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Farview
Kim Fielding, author
Ravaged by a horrific experience, Oliver Webb flees the smog-bound city of Greynox for a quiet seaside village and the inheritance he’s never seen: a cottage called Farview. He discovers clear skies, friendly imps, and a charming storyteller named Felix Corbyn. With help from Felix’s tales, Oliver learns surprising secrets about his family history and discovers what home really means. But with Felix cursed, Oliver growing deathly ill, and an obligation in Greynox hanging heavy around his neck, it seems that not even wizards can save the day. Still, as Felix knows, stories are the best truths and the most powerful magic. Perhaps the right words might yet conjure a chance for happiness.
Plot/Idea: 10 out of 10
Originality: 10 out of 10
Prose: 10 out of 10
Character/Execution: 10 out of 10
Overall: 10.00 out of 10

Assessment:

Plot: Oliver Webb comes to Farview to—not to live, and certainly not to find love with a charming jack-of-all-trades storyteller. How can Oliver, who carries his Greynox past as a dark burden on his shoulders, ever claim his legacy as one of the seafaring, sunlight-spirited Croftwell folk?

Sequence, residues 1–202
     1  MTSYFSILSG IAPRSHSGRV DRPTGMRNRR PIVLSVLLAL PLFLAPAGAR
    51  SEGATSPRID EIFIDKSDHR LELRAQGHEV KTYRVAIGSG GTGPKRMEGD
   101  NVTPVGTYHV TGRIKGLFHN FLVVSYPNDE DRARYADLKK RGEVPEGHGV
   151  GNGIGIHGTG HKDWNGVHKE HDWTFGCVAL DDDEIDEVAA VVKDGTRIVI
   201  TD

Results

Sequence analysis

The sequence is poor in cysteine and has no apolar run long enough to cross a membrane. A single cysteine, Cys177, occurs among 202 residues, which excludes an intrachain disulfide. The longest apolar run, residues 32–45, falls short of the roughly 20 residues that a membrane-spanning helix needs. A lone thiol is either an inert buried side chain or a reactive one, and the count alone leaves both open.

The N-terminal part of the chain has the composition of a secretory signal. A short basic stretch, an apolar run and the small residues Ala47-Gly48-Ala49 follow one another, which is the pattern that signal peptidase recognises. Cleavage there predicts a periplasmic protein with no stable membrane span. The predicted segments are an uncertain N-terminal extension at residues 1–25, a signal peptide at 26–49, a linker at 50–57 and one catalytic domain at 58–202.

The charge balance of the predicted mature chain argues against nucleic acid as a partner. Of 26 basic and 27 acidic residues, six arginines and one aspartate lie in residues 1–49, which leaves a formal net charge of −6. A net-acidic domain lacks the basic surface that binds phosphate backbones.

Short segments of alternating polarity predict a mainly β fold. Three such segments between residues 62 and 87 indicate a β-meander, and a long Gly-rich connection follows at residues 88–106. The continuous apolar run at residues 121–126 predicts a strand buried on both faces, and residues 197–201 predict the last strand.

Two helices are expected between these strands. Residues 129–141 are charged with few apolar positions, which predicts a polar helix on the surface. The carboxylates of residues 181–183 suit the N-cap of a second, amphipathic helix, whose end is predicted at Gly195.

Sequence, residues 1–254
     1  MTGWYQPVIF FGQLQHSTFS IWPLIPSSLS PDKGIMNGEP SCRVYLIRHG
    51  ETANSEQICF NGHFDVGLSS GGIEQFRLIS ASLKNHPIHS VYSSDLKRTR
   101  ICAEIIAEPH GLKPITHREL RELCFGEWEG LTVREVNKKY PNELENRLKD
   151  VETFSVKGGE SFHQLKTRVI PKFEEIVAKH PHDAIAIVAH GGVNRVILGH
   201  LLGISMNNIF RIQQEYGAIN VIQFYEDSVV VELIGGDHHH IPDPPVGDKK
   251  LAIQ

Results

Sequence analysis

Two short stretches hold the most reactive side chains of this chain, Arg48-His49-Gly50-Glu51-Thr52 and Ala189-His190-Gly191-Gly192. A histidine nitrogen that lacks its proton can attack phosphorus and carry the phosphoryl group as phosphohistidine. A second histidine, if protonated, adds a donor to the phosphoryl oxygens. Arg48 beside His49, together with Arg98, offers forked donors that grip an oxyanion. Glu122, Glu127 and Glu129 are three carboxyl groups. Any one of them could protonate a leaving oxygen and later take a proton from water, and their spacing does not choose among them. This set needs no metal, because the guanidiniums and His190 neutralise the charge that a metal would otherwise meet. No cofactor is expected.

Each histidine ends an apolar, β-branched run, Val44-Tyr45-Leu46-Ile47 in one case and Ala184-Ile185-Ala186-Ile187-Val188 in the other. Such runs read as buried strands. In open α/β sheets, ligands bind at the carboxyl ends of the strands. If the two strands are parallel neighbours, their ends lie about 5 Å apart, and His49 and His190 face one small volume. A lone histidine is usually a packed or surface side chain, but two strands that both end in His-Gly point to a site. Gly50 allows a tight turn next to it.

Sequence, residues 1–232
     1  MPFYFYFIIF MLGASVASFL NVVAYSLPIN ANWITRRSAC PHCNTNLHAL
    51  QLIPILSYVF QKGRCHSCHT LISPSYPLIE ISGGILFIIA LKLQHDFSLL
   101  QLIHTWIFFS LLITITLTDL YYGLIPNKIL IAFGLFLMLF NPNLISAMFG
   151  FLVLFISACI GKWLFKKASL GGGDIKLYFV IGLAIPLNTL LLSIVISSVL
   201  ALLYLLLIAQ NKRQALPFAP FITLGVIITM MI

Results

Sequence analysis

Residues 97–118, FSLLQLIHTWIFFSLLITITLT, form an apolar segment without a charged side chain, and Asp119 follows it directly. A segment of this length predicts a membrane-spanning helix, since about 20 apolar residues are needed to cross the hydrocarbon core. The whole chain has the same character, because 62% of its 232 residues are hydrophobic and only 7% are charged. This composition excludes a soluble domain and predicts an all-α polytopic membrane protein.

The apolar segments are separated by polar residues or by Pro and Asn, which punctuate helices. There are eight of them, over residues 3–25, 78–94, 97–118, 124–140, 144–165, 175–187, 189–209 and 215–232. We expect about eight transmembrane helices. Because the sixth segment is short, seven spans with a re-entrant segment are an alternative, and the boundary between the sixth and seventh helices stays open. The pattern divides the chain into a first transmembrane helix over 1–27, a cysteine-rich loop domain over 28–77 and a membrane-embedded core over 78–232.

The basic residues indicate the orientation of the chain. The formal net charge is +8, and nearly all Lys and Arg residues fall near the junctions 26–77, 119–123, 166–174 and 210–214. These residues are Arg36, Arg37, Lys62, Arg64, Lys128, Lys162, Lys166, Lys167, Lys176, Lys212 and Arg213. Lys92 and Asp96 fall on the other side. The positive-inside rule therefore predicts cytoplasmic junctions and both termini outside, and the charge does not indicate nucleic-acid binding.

Prose/Style: Told in the best traditions of enchantment, Kim Fielding creates a world where keeping a couple of dragons in the stable to pull your carriage is an everyday affair, and it's only prudent to lay in some extra victuals so you can keep on friendly terms with the imps that live in the garden. But it's the sparkling, limpid magic of Fielding's writing that will draw her readers in – her gift of creating a sense of place and emotions so vividly real that readers raise their eyes from the page as if emerging from a dream.

Originality: Farview is storytelling of the highest order; from the very first page, any thought of disbelief is happily suspended as we joyfully plunge into Oliver and Felix's world. At times, the graphic descriptions of the sexual intimacy between the two strike an off note in this tale of enchantment; they are just a shade too realistic, and come perilously close to breaking the spell.

Character Development/Execution: It is delightful to see the romance that develops between Oliver and Felix treated with the same matter-of-factness as imps in the garden and dragons in the stables. Readers will wish they could live in Oliver and Felix's world.

Date Submitted: July 02, 2021

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